SANFORD — A massive, fast-moving fire tore through a long-abandoned mill building on River Street in Sanford on Friday night, destroying the mill and a link to the city’s textile history.

The fire at the building, known locally as the Stenton Trust Mill, was reported about 6:50 p.m. and spread quickly, with flames leaping from the windows and smoke filling downtown.

Assistant Fire Chief Steve Cutter said there were no reports of injuries, and the cause of the fire was under investigation. Investigators from the state Fire Marshal’s Office and the federal Bureau of Alcohol, Tobacco, Firearms and Explosives were on hand.

Video courtesy of Kathleen Boisvert

One of the mill’s walls was bowing, and firefighters were concerned that it might collapse. They planned to be on the scene all night, hosing the mill with water from ladder trucks. They also were concerned the fire might spread to an adjacent mill building, which also was vacant, and planned to use a drone to look for hot spots.

“We’ll be putting water on it all night,” Cutter said. “We won’t be able to get in there until morning.”


More than 100 firefighters from 20 communities helped to battle the blaze, which attracted hundreds of people who recorded the fire on their phones and shared images on social media.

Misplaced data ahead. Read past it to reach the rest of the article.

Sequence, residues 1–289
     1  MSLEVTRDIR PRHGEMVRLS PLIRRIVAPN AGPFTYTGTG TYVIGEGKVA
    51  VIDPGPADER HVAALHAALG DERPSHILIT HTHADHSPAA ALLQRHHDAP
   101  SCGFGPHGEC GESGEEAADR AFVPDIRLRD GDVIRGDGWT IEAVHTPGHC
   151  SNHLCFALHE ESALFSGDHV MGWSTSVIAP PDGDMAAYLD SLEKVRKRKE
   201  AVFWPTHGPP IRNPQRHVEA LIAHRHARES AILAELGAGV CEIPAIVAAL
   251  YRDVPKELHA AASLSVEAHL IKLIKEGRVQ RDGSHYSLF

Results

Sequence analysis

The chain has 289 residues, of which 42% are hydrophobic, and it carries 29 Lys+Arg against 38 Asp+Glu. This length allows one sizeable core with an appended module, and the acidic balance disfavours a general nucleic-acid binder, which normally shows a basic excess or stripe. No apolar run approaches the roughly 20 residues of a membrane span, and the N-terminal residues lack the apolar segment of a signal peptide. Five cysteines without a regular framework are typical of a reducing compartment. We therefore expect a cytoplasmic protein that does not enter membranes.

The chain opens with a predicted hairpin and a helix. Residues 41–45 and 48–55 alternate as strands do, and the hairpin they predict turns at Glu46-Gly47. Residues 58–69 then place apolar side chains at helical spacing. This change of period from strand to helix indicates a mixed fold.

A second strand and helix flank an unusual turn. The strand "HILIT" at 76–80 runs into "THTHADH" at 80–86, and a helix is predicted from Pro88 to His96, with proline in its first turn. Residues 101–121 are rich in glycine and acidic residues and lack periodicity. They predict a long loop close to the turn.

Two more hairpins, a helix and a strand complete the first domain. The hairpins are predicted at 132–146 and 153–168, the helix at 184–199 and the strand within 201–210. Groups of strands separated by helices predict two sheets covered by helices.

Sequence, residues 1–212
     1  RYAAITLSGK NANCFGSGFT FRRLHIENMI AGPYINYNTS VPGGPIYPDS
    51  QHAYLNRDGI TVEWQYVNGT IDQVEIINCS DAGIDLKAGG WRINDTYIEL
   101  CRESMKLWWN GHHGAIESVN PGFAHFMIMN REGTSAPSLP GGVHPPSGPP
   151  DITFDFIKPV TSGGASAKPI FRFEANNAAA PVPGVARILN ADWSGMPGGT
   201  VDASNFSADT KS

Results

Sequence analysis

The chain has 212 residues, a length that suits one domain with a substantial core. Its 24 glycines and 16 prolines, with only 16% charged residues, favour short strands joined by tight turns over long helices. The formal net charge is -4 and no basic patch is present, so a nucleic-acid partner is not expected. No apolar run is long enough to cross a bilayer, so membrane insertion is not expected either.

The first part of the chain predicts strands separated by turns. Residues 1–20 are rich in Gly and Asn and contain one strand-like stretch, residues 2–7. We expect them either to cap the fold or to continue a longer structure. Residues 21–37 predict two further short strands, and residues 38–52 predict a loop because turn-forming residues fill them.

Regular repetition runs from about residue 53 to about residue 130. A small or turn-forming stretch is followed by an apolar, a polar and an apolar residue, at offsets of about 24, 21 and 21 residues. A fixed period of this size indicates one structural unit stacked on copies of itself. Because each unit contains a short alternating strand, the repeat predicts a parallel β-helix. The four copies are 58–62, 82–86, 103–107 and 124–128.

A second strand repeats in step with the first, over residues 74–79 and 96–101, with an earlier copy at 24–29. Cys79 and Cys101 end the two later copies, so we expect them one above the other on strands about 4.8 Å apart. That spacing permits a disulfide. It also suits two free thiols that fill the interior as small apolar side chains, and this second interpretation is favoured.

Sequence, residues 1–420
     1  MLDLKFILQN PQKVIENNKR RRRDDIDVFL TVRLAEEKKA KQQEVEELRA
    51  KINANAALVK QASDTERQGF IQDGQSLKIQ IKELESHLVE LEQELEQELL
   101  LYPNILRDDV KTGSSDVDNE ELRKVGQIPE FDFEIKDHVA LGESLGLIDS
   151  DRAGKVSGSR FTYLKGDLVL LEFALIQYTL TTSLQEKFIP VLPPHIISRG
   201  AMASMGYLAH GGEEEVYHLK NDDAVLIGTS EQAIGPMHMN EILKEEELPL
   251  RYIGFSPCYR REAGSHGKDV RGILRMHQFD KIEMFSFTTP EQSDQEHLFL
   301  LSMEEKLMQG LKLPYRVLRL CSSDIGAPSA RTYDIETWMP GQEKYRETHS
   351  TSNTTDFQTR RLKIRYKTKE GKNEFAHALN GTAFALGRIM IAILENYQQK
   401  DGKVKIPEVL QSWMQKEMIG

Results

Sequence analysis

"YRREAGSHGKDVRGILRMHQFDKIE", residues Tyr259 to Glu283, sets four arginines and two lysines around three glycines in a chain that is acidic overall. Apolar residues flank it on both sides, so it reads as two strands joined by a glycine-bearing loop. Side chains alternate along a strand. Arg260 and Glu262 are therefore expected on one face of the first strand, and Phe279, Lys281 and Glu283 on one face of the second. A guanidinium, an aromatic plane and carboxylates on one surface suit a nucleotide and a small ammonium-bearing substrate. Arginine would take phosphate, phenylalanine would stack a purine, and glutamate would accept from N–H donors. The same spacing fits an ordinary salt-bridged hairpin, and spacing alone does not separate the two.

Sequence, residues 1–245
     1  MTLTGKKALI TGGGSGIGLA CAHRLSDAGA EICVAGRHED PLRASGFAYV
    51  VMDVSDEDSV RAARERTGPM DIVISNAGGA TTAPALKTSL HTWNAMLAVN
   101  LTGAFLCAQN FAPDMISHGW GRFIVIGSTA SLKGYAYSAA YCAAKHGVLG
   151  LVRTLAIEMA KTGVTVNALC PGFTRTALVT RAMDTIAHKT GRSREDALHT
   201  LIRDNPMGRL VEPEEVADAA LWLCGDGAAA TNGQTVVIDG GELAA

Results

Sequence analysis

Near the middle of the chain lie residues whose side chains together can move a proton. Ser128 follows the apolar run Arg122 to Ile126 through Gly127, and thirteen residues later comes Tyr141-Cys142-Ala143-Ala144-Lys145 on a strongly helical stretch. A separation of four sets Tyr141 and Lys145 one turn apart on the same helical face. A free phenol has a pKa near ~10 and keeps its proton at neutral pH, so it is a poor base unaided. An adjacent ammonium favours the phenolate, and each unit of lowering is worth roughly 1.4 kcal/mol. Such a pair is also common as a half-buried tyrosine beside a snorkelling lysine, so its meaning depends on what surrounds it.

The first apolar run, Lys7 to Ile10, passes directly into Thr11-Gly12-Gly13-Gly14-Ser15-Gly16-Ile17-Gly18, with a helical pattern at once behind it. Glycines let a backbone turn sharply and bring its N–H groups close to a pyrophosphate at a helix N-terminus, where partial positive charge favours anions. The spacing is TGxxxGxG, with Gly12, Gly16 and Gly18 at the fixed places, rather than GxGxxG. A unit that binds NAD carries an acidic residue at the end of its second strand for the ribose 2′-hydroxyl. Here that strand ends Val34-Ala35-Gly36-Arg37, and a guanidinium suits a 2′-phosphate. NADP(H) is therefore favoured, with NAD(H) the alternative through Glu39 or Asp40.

Cutter said it was the largest fire in Sanford that he could remember.

Eyewitness Warren Royea, 28, who lives in an apartment directly across from the mill on Spruce Street, noticed the fire about 6:45 p.m., and notified a police officer who had just made a traffic stop in the neighborhood.

“I heard it before I saw it,” Royea said. “It didn’t take long at all. It spread in minutes.”

The heat was so intense that Royea moved his vehicle from one side of the street to the other.

David Cameron, 27, also lives across the street from the mill. He left his second-floor apartment about 7 p.m. and saw a wall of flames. “It was pretty intense,” he said. “I’ve never seen a fire like this. Everything that could be burned is now gone. It’s just steel.”


The neighborhood was covered in ash, and firefighters doused nearby houses with water to protect them.

Cutter said firefighters fought the blaze from ladders because it was unsafe to enter the building. He called the strategy “an exterior defensive attack” designed to contain the blaze to the mill and prevent it from spreading. The bowing wall and the concern that it might collapse prompted firefighters to move their equipment back from the building.

Cutter said he had no information about the cause of the fire, and declined to speculate. The mill was fully engulfed when firefighters arrived, he said. He suggested that it might have spread so quickly because of “oil-soaked floors” and debris that had been left in the mill.

City Manager Steve Buck wasn’t sure of the mill’s history. He believed it was built in the 1900s, and it has been abandoned for decades.

Sanford thrived in the late 1800s when the Goodall Mills dominated the city’s downtown. The mill complex founded in 1867 by industrialist Thomas Goodall was the first in the country to manufacture fine dyed wool fabrics and, from the 1890s to 1910, was the catalyst that brought a wave of French Canadian immigrants to Sanford.

The mill closed in 1955, costing the city more than 3,500 local jobs, and Sanford has struggled to revive its economy since then.

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